# Zero variance Random variables

I am a probability theory beginner. The expression for the variance of a random variable $x$ (of a random process is

$$\sigma^2 = E(x^2) – (\mu_{x})^2$$

If $E(x^2) = (\mu_{x})^2$, then $\sigma^2 = 0$. Can this happen ? Can a random variable have a density function whose variance (the second central moment alone) is $0$ (other than the dirac delta function).

#### Solutions Collecting From Web of "Zero variance Random variables"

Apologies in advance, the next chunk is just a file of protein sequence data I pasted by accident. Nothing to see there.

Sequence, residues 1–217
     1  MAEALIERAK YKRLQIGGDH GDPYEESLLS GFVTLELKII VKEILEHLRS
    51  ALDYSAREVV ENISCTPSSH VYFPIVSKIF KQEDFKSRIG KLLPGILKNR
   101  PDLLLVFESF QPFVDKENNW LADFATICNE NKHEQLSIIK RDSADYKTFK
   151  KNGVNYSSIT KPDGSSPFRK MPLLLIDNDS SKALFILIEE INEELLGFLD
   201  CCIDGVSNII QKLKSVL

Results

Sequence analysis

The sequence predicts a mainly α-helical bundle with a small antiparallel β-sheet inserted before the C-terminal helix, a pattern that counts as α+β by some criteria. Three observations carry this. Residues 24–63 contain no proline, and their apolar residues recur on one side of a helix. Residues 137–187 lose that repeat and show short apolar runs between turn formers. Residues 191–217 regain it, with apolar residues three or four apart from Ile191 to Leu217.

The variance
$$E(X^2)-E(X)^2=E(X-E(X))^2$$
is equal to $0$ if and only if $X$ is equal to $E(X)$ in all of its support. This can only happen if $X$ is equal to some constant with probability $1$ (known as a degenerate distribution).